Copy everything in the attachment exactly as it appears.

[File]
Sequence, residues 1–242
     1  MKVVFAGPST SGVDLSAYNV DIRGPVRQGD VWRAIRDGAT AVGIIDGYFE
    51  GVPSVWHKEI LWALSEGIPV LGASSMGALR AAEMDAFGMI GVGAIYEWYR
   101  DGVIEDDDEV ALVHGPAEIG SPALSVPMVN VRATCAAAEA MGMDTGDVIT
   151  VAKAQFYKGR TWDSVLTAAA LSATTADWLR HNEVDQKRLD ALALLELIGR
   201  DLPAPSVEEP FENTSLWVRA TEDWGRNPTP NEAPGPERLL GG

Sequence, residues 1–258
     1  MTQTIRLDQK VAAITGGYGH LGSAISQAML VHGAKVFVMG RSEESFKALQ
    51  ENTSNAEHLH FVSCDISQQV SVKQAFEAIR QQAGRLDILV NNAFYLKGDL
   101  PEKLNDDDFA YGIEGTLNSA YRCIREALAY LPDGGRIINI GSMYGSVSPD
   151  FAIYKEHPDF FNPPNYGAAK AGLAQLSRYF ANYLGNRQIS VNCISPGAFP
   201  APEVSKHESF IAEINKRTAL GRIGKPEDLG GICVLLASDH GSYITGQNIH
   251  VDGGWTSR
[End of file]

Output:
Sequence, residues 1–242
     1  MKVVFAGPST SGVDLSAYNV DIRGPVRQGD VWRAIRDGAT AVGIIDGYFE
    51  GVPSVWHKEI LWALSEGIPV LGASSMGALR AAEMDAFGMI GVGAIYEWYR
   101  DGVIEDDDEV ALVHGPAEIG SPALSVPMVN VRATCAAAEA MGMDTGDVIT
   151  VAKAQFYKGR TWDSVLTAAA LSATTADWLR HNEVDQKRLD ALALLELIGR
   201  DLPAPSVEEP FENTSLWVRA TEDWGRNPTP NEAPGPERLL GG

Sequence, residues 1–258
     1  MTQTIRLDQK VAAITGGYGH LGSAISQAML VHGAKVFVMG RSEESFKALQ
    51  ENTSNAEHLH FVSCDISQQV SVKQAFEAIR QQAGRLDILV NNAFYLKGDL
   101  PEKLNDDDFA YGIEGTLNSA YRCIREALAY LPDGGRIINI GSMYGSVSPD
   151  FAIYKEHPDF FNPPNYGAAK AGLAQLSRYF ANYLGNRQIS VNCISPGAFP
   201  APEVSKHESF IAEINKRTAL GRIGKPEDLG GICVLLASDH GSYITGQNIH
   251  VDGGWTSR